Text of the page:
Applying the tool

In its purest form the 6Qs tool provides a starting framework for structuring the dialogue between all those involved in the design. At the outset, it is recommended that the tool is shared in its entirety among the group and proposed as a guide for keeping the discussion on track. Stakeholders are reassured they will be invited to contribute their views at every stage in the process. The group then takes each question, in sequence, using whatever division of decision-making labour has been agreed.

In contrast to other design templates, the benefit of adopting the tool is the complete absence of prescription in content. The design group retains full autonomy to incorporate its preferred formats, techniques and resources into the outputs for each question. The tool is therefore equally valid when applied to any subject matter, in any organisation, for any group of participants. As well as for designing new learning events, the tool can be used equally effectively to review old ones.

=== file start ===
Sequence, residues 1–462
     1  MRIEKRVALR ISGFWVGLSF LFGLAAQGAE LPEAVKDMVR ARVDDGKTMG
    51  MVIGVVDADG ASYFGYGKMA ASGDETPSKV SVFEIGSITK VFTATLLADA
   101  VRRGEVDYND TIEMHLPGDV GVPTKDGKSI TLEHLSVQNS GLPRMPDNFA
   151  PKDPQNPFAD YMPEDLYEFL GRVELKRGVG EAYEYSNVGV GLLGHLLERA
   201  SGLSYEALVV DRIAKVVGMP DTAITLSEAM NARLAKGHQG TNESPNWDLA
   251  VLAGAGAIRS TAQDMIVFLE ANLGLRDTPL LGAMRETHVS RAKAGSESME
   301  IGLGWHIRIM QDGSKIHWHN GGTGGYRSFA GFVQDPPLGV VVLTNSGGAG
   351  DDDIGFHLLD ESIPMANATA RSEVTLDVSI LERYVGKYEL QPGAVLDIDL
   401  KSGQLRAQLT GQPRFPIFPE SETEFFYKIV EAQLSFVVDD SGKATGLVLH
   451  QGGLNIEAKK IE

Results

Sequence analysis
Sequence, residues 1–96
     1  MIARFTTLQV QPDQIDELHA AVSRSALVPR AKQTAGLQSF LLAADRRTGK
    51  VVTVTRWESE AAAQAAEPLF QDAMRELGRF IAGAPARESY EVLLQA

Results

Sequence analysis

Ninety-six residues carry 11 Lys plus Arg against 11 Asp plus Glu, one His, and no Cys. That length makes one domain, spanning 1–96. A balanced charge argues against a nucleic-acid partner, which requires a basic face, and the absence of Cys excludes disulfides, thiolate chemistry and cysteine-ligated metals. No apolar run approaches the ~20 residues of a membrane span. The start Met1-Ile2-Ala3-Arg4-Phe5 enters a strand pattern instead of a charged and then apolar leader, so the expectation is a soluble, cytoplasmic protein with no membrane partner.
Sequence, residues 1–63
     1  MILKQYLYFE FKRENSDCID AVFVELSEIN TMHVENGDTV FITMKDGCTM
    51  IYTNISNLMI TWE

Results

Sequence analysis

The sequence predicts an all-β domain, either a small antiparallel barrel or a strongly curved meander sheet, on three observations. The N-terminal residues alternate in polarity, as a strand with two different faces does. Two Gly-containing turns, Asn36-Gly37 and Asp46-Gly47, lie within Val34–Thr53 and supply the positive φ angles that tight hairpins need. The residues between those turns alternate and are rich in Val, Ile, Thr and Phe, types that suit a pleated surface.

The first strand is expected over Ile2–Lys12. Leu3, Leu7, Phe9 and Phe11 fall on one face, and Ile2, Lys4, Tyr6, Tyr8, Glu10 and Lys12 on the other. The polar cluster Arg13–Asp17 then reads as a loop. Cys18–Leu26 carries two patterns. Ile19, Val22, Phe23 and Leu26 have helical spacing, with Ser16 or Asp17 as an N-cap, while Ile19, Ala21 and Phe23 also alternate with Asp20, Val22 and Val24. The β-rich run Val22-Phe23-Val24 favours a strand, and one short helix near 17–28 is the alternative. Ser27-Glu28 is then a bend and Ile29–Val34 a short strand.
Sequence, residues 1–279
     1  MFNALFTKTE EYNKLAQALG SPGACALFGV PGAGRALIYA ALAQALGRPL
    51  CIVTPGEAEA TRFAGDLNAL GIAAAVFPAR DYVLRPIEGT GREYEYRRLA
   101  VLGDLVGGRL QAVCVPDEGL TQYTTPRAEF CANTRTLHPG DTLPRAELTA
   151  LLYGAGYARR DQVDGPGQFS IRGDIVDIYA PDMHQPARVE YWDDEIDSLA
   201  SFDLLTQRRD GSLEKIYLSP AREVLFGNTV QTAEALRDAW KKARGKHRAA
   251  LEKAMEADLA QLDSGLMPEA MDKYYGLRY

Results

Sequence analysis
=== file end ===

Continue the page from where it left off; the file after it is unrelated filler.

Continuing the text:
Let’s focus on a brief explanation of the rationale behind each question and the type of output it can deliver. The arrows leading through the entire system emphasise once again the cyclical nature of all processes. None of the steps are rigidly absolute and the first time user may discover that a decision at one stage will prompt a brief revisit to an earlier question. Experience suggests this does not necessarily indicate an inherent problem with the framework, it can simply mean the group is fine-tuning the application of the tool for its own particular set of circumstances. The ground moves under the feet of training is a common enough sentiment for training practitioners; this is as true for the design phase as anywhere else4.

The 6Qs tool of training design

Q1: What is the organisational capability gap?

Q1 tells us that the first subject of need in the term ‘training needs analysis’ is the humanitarian organisation or community which the course will benefit. A face-to-face learning event can yield other benefits as a side-effect but at its heart, there is a collective performance issue and it is here that the design process truly begins5.

A capability gap can emerge over a prolonged period, of course, but in the fast-evolving aid sector, the call for action is often preceded by a trigger episode that highlights some change, either in the external landscape or within the organisation itself. A major security incident has happened, for example, or a new set of inter-agency guidelines has been released. In essence, a change that the organisation’s workforce or associates are not fully equipped to deal with if no intervention is staged.